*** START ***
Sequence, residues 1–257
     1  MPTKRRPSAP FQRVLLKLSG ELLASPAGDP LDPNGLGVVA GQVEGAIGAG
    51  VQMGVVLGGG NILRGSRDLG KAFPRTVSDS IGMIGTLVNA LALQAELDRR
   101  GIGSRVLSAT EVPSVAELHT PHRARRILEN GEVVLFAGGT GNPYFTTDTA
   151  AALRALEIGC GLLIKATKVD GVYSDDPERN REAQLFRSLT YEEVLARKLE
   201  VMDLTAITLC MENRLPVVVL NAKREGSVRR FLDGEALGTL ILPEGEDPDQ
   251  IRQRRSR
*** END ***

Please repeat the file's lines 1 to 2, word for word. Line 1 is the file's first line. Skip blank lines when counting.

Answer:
Sequence, residues 1–257
     1  MPTKRRPSAP FQRVLLKLSG ELLASPAGDP LDPNGLGVVA GQVEGAIGAG